•  48
    Holmes exists is false. How can this be, when there is no one for the sentence to misdescribe? Part of the answer is that a sentence’s topic depends on context. The king of France is bald, normally unevaluable, is false qua description of the bald people. Likewise Holmes exists is false qua description of the things that exist; it misdescribes those things as having Holmes among them. This does not explain, though, how Holmes does not exist differs in cognitive content from, say, Vulcan does not…Read more
  • Intrinsicness
    In Robert M. Francescotti (ed.), Companion to Intrinsic Properties, De Gruyter. pp. 41-68. 2014.
  •  22
  •  89
    'What am I?' Descartes and the mind-body problem - reply (review)
    Philosophy and Phenomenological Research 70 (3): 717-734. 2005.
    In his Meditations, René Descartes asks, "what am I?" His initial answer is "a man." But he soon discards it: "But what is a man? Shall I say 'a rational animal'? No: for then I should inquire what an animal is, what rationality is, and in this way one question would lead down the slope to harder ones." Instead of understanding what a man is, Descartes shifts to two new questions: "What is Mind?" and "What is Body?" These questions develop into Descartes's main philosophical preoccupation: the M…Read more
  •  87
    If-Thenism
    Australasian Philosophical Review 1 (2): 115-132. 2017.
    ABSTRACTAn undemanding claim ϕ sometimes implies, or seems to, a more demanding one ψ. Some have posited, to explain this, a confusion between ϕ and ϕ*, an analogue of ϕ that does not imply ψ. If-thenists take ϕ* to be If ψ then ϕ. Incrementalism is the form of if-thenism that construes If ψ then ϕ as the surplus content of ϕ over ψ. The paper argues that it is the only form of if-thenism that stands a chance of being correct.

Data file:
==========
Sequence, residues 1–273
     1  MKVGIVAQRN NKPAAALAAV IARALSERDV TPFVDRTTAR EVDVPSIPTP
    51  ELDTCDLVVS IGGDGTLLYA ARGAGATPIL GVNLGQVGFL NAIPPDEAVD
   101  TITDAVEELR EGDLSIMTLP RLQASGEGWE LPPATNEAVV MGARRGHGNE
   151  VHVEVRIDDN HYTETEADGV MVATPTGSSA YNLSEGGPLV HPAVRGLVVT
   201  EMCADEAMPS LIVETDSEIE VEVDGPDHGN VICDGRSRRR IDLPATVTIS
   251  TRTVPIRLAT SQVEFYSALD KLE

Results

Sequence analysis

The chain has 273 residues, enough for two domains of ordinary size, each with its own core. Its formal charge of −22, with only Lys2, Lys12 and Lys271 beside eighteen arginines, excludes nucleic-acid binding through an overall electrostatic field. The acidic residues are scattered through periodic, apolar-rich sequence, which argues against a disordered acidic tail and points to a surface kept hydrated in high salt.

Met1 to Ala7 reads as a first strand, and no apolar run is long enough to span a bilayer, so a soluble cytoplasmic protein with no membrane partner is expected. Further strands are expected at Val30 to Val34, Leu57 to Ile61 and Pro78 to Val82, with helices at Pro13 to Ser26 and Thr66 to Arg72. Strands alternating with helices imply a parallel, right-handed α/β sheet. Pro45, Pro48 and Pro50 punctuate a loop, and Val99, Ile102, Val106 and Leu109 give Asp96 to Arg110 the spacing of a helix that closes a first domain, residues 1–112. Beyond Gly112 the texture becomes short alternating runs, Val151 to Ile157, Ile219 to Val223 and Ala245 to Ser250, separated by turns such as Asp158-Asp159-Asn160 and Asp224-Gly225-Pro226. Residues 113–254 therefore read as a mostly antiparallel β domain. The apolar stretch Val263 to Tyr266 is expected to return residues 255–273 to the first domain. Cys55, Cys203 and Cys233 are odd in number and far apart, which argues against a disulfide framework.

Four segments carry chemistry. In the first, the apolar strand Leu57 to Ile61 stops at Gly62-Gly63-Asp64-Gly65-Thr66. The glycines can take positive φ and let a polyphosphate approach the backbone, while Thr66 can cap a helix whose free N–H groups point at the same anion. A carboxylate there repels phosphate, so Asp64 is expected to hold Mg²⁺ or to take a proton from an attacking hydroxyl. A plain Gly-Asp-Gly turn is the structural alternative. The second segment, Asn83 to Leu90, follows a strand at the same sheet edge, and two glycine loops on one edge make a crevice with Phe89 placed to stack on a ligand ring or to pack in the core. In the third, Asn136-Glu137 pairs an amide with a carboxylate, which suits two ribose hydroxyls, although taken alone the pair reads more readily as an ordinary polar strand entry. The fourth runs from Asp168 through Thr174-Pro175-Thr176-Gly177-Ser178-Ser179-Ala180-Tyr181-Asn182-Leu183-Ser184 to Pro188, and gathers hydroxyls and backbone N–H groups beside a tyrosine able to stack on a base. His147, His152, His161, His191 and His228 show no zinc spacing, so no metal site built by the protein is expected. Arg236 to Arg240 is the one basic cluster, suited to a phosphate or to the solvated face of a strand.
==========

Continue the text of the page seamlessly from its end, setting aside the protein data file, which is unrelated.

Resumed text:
•  23
    Replies to Comments on If-Thenism
    Australasian Philosophical Review 1 (2): 212-227. 2017.
  •  49
    Kment on counterfactuals
    Analysis 77 (1): 148-155. 2017.
    Review of Kment, "*Modality and Explanatory Reasoning*, with an emphasis on counterfactuals.
  •  164
    Reply to Fine on Aboutness
    Philosophical Studies 175 (6): 1495-1512. 2018.
    A reply to Fine’s critique of Aboutness. Fine contrasts two notions of truthmaker, and more generally two notions of “state.” One is algebraic; states are sui generis entities grasped primarily through the conditions they satisfy. The other uses set theory; states are sets of worlds, or, perhaps, collections of such sets. I try to defend the second notion and question some seeming advantages of the first.
  •  401
    Concepts and Consciousness
    Philosophy and Phenomenological Research 59 (2): 455-463. 1999.
    I. The Conscious Mind is a hugely likable book. Perceptive, candid, and instructive page by page, the work as a whole sets out a large and uplifting vision with cheeringly un-Dover-Beach-ish implications for “our place in the universe.” A book that you can’t helping wanting to believe as much as you can’t help wanting to believe this one doesn’t come along every day. It is with real regret that I proceed to the story of why belief would not come.
  •  2
    Things
    Dissertation, University of California, Berkeley. 1986.
    Essentialists hold that certain of a thing's properties are specially fundamental, antiessentialists that all of a thing's properties are on a par. As a result, essentialists can explain how, e.g., a statue and its clay are different, but not how they are the same, whereas antiessentialists can explain how they're the same but not how they're different. Ordinarily, though, we reckon them in one sense the same and in another different. ;To accomodate the ordinary view, essentialism and antiessent…Read more
  •  240
    Relevance Without Minimality